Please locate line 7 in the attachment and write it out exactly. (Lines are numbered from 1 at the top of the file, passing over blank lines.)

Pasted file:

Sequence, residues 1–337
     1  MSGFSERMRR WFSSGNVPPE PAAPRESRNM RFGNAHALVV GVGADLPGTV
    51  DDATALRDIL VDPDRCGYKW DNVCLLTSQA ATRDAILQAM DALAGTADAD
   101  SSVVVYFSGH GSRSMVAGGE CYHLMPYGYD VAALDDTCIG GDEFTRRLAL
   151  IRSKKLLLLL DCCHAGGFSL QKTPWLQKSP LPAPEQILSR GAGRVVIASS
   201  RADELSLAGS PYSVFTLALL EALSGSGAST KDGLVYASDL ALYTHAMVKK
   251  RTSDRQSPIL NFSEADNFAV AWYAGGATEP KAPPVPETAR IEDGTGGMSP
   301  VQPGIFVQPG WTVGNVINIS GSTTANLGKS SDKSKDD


   251  RTSDRQSPIL NFSEADNFAV AWYAGGATEP KAPPVPETAR IEDGTGGMSP